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Dear Santa… seasonably profitable music 🎵

Posted on: Wednesday 19th of December 2018

A plea for a refresh of the Yuletide playlist from Tim Oliver @RealWorldStudio www.timoliver.co.uk

Dear Santa, please can I have a new classic Christmas single, or ideally several, to bring me some relief from the annual monotony of recycled joy. As much as I love Fairytale of New York, and get a warm feeling when I hear it for the first time at the beginning of December, or even late November, by Christmas I’ve even had enough of that one. So you can imagine how I feel by the time Wizzard, Slade, Wham et al have been over-aired. Certainly in no mood for Christmas, that’s for sure. I imagine for you it’s even worse because so many Christmas records announce themselves with sleigh bells. That must be like a siren to a factory worker or a dog bark to a postman and unlikely to get you buzzed up for the miracle that is your Christmas Eve delivery run. 

Anyway, about the Christmas single problem Santa… Where have they all gone to? Not that I’m a fan, there’s only one I would regard as coming anywhere near joining the ranks of the ‘classic’ made since 2000: Leona Lewis’ One More Sleep from 2013. And this is only #14 in the UK Radio Christmas Top 20 Airplay chart 2012 – 2016. There aren’t any others from the 21st Century in it. Surely if we’re going to be subjected to festive tunes every year don’t you think someone should shoulder the responsibility of creating something fresh and new?  

What about you? It’s not as if it isn’t well rewarded financially if you did – reportedly, Slade’s Merry Xmas Everybody earns them £500,000 each year, and the Pogues slightly less at £400,000. OK, the integrity might suffer a bit but look at Shane McGowan, he’s survived it and you’re not that different from him with your love of sherry.

If you ask me it all seemed to start going wrong in the early 90s when any old novelty record was seen as a bona fide Christmas record, you remember Mr Blobby (1992)? And then the girl-band/boy-band takeover – Spice Girls, Westlife, East 17 – although at least the latter had the courtesy of dressing up in Santa outfits to sing their love ballad that had nothing to do with Christmas (Stay Another Day, 1994)

Then in the mid 2000s people blamed TV for hijacking any festive importance of the Christmas No. 1 as it became the focus of their tedious talent contests. Firstly in 2002 with Popstars: The Rivals which created a phony chart battle between two phony bands, one of which, Girls Aloud Sound of the Underground, 2002) got the prize. That was soon followed by X-Factor with four years of back-to-back Christmas No.1s before the record-buying public collectively rebelled through social media and managed to get Rage Against The Machine to the top spot in 2005. But since then it’s been a sorry old sight.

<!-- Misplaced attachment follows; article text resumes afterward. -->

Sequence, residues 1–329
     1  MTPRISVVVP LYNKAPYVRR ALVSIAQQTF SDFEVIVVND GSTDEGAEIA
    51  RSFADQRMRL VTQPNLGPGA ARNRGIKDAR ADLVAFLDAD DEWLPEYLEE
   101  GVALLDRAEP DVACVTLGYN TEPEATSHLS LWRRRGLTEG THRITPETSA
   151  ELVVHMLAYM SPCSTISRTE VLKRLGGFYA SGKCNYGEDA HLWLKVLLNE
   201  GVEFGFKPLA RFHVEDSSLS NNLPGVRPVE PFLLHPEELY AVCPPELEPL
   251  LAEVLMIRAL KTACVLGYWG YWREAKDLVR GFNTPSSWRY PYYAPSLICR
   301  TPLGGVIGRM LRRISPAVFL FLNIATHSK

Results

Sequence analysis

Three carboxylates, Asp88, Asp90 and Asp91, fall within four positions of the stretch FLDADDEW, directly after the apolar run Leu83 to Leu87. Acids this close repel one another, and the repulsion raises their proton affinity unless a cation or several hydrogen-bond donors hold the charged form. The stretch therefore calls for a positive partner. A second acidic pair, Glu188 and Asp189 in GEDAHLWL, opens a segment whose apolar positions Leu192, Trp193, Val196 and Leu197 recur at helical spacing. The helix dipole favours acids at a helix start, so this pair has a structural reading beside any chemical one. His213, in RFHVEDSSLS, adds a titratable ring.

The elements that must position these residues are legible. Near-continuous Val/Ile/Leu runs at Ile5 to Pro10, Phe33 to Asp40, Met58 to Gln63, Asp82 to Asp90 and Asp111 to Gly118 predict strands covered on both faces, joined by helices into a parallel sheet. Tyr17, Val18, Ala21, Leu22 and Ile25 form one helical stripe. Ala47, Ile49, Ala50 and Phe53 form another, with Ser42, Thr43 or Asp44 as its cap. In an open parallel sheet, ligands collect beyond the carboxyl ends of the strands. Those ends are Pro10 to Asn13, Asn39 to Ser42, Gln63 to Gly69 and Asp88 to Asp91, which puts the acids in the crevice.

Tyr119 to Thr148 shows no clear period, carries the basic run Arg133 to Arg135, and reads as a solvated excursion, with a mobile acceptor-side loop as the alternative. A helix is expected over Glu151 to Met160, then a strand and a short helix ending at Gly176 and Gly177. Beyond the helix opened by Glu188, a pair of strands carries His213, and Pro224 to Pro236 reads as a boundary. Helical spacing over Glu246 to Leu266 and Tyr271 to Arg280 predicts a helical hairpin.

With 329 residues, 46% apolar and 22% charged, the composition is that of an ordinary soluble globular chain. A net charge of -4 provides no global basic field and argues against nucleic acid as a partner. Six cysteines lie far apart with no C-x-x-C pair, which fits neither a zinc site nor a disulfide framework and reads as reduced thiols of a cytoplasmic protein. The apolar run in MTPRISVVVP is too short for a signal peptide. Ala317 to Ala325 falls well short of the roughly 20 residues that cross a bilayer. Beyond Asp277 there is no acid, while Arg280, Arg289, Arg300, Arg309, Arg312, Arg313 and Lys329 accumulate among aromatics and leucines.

Big sellers don’t have to be #1

Anyway, I digress Santa because a classic Christmas record doesn’t have to have reached No. 1 to become such, it’s all about longevity and – of anyone – you’ve got what it takes. The Pogues Fairytale of New York only got to No. 2 when it was released in 1987, criminally kept out by The Spice Girls (Too Much). However, since 2005 it’s got into the Christmas Top 20 every year and has racked up over 150 days continuous UK radio play since its release. Wizzard’s I Wish it Could Be Christmas Every Day unfortunately came up against Slade’s classic in 1973 and although it only managed No. 4 that year it has over 120 continuous days of UK radio play since. Also poor old Wham with Last Christmas came up against Band Aid in 1984 and lost out, but it now has more UK radio play than its nemesis. And there’s a similar story for Mariah Carey All I Want For Christmas Is You beaten by East 17 in 1994 but now wins on radio play.

But is radio play the best yard-stick now streaming is ubiquitous? Streaming is confusing matters or rather playlists are. Streaming and the widespread adoption of playlists is so important that Spotify’s Christmas playlist virtually mirrors the official chart, so you have Brenda Lee Rockin’ Around The Christmas Tree, Shakin’ Stevens Merry Christmas Everyone and Chris Rea Driving Home For Christmas all appearing in the Official 2017 Christmas Top 20 simply because so many people have it on rotation. And if you need more proof, Slade weren’t on the Spotify playlist (tragically) and only got to 29.

Back to the idea of you doing a Christmas record yourself Santa; according to PRS For Music the majority of successful Christmas singles are written by at least two people so you should find someone to work with. How about your head elf Bernard? After all, Elton worked with his long-time partner Bernard on Step Into Christmas in 1973. A ballad seems to be the most successful formula and you’d look good crooning in the video. Then maybe you can get Dancer and Prancer from the reindeer team to do some up-tempo club mixes. 

If you do decide to write a Christmas tune can I urge you to make it an original composition. The default approach seems to be to do a cover because it’s familiar – and boy are there a lot of covers about – particularly over-familiar ones: did you know that the most-covered Christmas tune is Silent Night with a staggering 26,496 versions as of 2015. So please, please, do something new. Then get it onto the Spotify Christmas playlist and you might finally be able to retire. You could easily get Amazon Prime to take the weight of the Christmas Eve job. Perhaps you could do one called Santa Claus Isn’t Coming to Town.

www.timoliver.co.uk



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